It’s been more than a decade since Pandey started teaching at Shree Nepal Rastriya higher secondary – a school positioned precariously on the edge of a lake in Nepal’s southern district of Kapilvastu – and he’s never seen anything like it. “But of course, by this point, we know who’s responsible.”
As if on cue, 17-year-old Sheskalo Pandey lifts her gaze from her notebook and raises her hand to ask a question. She’s been awake since 4am, when she began weaving paper baskets in the dark – but she won’t let her concentration slip. “School is my whole life,” she tells me later. “I’m working so hard to be here. It wouldn’t make sense if I didn’t work even harder when I get to my desk.”
The girls choose to sit together, she says. “We’re not going to distract each other. I won’t let that happen. I’ve invested too much in this.”
Three years ago, just after Sheskalo’s 14th birthday, her parents decided it was time she got married. “Two of the girls I walked to school with had dropped out of our class to get married, and my family decided I should probably leave too,” she recalls. “They said that it was expensive – and that walking in on my own was too dangerous in case I was raped. I think they thought I’d be happy because I could plan a wedding instead.”
To her parents’ dismay, the teenager reacted by bursting into tears and refusing to eat for four days. “Even when my mother brought me a bowl of homemade curd – which we never have because it’s so expensive – I left it on the ground. I felt sick, like my whole future was being taken away from me.”
Then Sheskalo remembered a group of elderly women she’d seen making handicrafts and selling them at wedding fairs. This could be one answer, she thought, and came up with a business plan to sell handcrafted baskets, bowls, calendars and incense at markets across the district in order to enable her to pay the 300 rupees (£2.20) monthly school fees.
“I begged my brother to lend me enough money to buy some coloured paper and glue,” she says. “He’s older than me, and had been allowed to finish school and go to university, so he agreed. He said he was proud of me for standing up for myself.”
With his support, their parents caved – agreeing that Sheskalo could attempt to pay her own school fees for six months. But if she failed, that was it: marriage was the only solution. Her mother nodded while Sheskalo made her business proposal, but her father remained silent. “I thought it was because he didn’t approve,” she says. “But the next day he came home with a rusty bicycle he’d spent all his savings on. He said that I could pay him back when I started making money. And that at least this way, he knew I’d be safe.”
Her debt was repaid two weeks later, and within two months other girls in the village were asking Sheskalo for help. “I could barely leave the house without somebody stopping me,” she recalls. “Mothers were pleading with me to teach their daughters how to make money so that they could stay in school too, and my friends started telling their parents they didn’t want to get married either.”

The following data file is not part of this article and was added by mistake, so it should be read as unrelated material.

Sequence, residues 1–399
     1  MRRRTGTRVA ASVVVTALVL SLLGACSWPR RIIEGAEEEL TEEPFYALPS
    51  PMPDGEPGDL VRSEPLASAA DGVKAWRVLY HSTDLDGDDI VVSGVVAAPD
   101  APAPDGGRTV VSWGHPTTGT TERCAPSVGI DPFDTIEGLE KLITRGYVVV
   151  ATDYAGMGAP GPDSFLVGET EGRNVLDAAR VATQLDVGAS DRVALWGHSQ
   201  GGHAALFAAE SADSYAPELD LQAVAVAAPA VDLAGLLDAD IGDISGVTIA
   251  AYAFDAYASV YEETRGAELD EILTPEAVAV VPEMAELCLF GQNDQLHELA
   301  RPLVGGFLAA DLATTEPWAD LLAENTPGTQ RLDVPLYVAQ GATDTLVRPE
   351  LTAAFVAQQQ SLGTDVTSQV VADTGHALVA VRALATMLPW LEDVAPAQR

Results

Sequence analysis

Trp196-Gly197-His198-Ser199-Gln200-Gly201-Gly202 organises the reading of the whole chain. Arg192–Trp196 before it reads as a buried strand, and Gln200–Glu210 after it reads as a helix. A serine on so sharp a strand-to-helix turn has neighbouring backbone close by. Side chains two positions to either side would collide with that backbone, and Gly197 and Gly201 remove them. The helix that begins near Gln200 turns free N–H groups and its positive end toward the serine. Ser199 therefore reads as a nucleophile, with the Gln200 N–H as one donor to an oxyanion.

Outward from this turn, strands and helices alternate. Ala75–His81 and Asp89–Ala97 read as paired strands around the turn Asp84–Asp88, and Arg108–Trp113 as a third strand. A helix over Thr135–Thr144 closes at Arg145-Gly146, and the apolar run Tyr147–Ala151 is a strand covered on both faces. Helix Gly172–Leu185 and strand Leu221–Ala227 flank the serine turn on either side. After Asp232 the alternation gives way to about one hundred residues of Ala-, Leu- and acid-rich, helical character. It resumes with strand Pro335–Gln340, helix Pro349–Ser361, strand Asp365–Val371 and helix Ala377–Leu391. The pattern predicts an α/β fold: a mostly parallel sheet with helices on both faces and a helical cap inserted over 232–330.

Community workers funded by the UN Population Fund (UNFPA) caught wind of the girls’ rebellion, and began to coordinate a “girls only circle” where they could talk freely about their fears of forced marriage and ask for professional support to prevent it happening. Accountants were drafted in to teach them about banking and managing their money.
And when the time came to elect a group president, it was an easy choice. “There are 35 of us who have bought our own bicycles now, and we stopped two girls from getting married last month,” Sheskalo says proudly. “Next on my list is gender-based violence. We’re actually making a really big impact in a really short time.”
She now earns up to 8,000 rupees (£56) for a month’s work. Half of her income goes to her father, and she saves the rest. She’s saving to do a degree in accountancy after she finishes her final exams next year. In January, she began an course in computing, cycling an hour and a half to the town of Taulihawa once a week and paying 900 rupees [£6.60] to learn how to use Microsoft Word and Excel.
“I’d never even seen a laptop before,” she says. “My instructor says I have potential, but sometimes he still has to hold my fingers down because they keep slipping off the keys – I’m not really sure how to keep them still.”
“It’s not complicated why girls are made to drop out of school,” she says. “It’s just about money. People don’t have enough food to eat three times a day, so if you have a daughter, you’re going to want to find her a husband as soon as possible because that means you won’t have to feed her any more.”
Societal conventions also demand that the more educated a girl, the higher the dowry her parents are expected to present to their in-laws: a financial demonstration of gratitude for taking their worldly daughter off their hands. “If I left school in year seven, maybe my parents would only have to give my husband’s family a buffalo and some jewellery,” Sheskalo explains. “But if I finish school or go to university, they’ll probably have to buy gold necklaces and motorbikes – and a refrigerator too.”